A Stroke of Fitness

Rowing provides a comprehensive workout for athletes at every level


In season one of Netflix’s “House of Cards” Frank Underwood, the seedy politician played by Kevin Spacey, receives a rowing machine from his wife, Claire. During season two, when media pressure keeps the Underwoods housebound, the machine makes repeat appearances as a great way to stay fit indoors. The show has raised indoor rowing’s profile, but in reality the activity has been increasing in popularity since CrossFit hit big with fitness enthusiasts – it is an integral part of many such programs. According to experts, it’s also an ideal workout for those looking to shake up their strength-training programs.

“Anybody can learn how to row. It’s something that’s really good for every single person,” Nell Shuttleworth, owner of Rowfit Chicago, a fitness studio located in the Windy City that provides training in areas ranging from rowing to triathlon.

There are quite a few benefits to be had from rowing, especially for overall fitness. Rowing utilizes the upper and lower body and building muscle significantly in the same movement. This makes it especially attractive for people who are looking for thorough workouts. 

Josh Ozeri, one of the founders of Brooklyn Crew based in Brooklyn, N.Y., agrees: “Rowing is a full-body exercise – you use your legs, your core, your back, your shoulders, your arms.”

Starting a new exercise program is never easy, but because rowing is such an all-encompassing workout, it’s easy for people to feel overwhelmed when they’re first starting out. Shuttleworth says not to let this become an obstacle.

“People should definitely know that it takes a few sessions before they understand the rowing stroke,” she cautions. “It doesn’t feel like a very fluid or very natural motion. So we usually tell people to give themselves a few sessions … It’s usually around the sixth session that people begin to get it.”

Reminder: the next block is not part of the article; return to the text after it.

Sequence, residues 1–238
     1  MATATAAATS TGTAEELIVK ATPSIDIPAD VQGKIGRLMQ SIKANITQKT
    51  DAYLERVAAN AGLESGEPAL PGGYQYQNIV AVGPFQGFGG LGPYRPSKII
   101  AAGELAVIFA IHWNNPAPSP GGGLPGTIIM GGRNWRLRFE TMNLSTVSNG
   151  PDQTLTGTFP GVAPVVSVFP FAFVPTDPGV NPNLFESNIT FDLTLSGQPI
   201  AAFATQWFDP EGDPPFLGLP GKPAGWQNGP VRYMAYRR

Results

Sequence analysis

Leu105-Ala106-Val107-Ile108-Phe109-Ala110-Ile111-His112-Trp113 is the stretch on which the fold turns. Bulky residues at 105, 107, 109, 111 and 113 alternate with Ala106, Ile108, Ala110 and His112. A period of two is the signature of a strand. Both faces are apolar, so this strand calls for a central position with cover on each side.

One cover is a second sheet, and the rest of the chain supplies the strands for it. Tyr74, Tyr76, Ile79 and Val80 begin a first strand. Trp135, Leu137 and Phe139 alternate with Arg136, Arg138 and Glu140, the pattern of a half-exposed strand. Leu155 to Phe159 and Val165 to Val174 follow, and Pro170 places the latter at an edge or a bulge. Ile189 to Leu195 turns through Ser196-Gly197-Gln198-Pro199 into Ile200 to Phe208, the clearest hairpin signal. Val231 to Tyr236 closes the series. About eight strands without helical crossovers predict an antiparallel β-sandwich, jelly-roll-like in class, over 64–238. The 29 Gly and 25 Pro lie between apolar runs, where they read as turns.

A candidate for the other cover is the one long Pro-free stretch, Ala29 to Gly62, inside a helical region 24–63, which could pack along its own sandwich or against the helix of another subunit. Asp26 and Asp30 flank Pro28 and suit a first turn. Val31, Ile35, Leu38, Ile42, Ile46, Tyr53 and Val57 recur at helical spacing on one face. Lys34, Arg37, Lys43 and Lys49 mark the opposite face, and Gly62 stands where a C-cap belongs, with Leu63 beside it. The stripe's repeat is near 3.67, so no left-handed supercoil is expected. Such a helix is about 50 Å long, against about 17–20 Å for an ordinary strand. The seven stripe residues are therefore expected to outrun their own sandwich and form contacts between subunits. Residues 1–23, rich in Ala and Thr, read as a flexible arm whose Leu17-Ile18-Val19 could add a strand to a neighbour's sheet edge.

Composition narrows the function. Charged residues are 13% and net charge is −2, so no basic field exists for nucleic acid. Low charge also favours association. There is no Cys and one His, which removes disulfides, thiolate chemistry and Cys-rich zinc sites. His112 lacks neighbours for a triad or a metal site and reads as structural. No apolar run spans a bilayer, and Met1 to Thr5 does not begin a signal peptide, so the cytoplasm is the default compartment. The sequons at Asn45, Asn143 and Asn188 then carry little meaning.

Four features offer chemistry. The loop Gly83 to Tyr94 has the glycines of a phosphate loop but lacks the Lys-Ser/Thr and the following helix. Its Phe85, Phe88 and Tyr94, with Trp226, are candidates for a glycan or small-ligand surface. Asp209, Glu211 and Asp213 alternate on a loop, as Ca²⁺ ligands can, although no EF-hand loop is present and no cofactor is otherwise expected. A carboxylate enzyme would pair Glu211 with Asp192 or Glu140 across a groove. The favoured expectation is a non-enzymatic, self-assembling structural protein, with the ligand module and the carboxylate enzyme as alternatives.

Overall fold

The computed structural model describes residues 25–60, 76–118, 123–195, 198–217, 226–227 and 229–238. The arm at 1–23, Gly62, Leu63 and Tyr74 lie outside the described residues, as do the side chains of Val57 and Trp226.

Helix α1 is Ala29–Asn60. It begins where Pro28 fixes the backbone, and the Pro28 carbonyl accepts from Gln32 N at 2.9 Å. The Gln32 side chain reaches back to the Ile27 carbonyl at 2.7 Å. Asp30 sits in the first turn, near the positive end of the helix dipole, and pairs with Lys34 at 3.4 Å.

Garrett Roberts, owner of GoRow Studios in Hoboken, N.J., warns that improper form during the exercise can do damage to the back, and advises anyone with a pre-existing back condition to visit a specialist before signing up for rowing classes.

Ozeri emphasizes that the bulk of the workout takes a toll on the legs. “Everyone thinks rowing is about the arms, but it’s all about power with your legs,” he explains. “Rowing is essentially a leg press.”

Even though the lower body receives the majority of focus in rowing, the exercise uses muscles all over the body, making it an attractive workout for someone who wants to maximum fitness in a short time slot.

“If you can spend an hour a day exercising, you want it to be the most effective workout,” Roberts says of rowing. “You don’t really need to do much else because you’re taking care of pretty much every muscle group in your body.”

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